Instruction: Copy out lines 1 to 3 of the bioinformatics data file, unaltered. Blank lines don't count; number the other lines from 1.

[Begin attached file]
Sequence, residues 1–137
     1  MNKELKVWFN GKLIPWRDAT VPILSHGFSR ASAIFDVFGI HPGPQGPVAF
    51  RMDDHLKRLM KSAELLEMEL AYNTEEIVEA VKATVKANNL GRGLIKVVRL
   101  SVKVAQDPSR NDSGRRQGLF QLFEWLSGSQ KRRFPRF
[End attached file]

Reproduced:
Sequence, residues 1–137
     1  MNKELKVWFN GKLIPWRDAT VPILSHGFSR ASAIFDVFGI HPGPQGPVAF
    51  RMDDHLKRLM KSAELLEMEL AYNTEEIVEA VKATVKANNL GRGLIKVVRL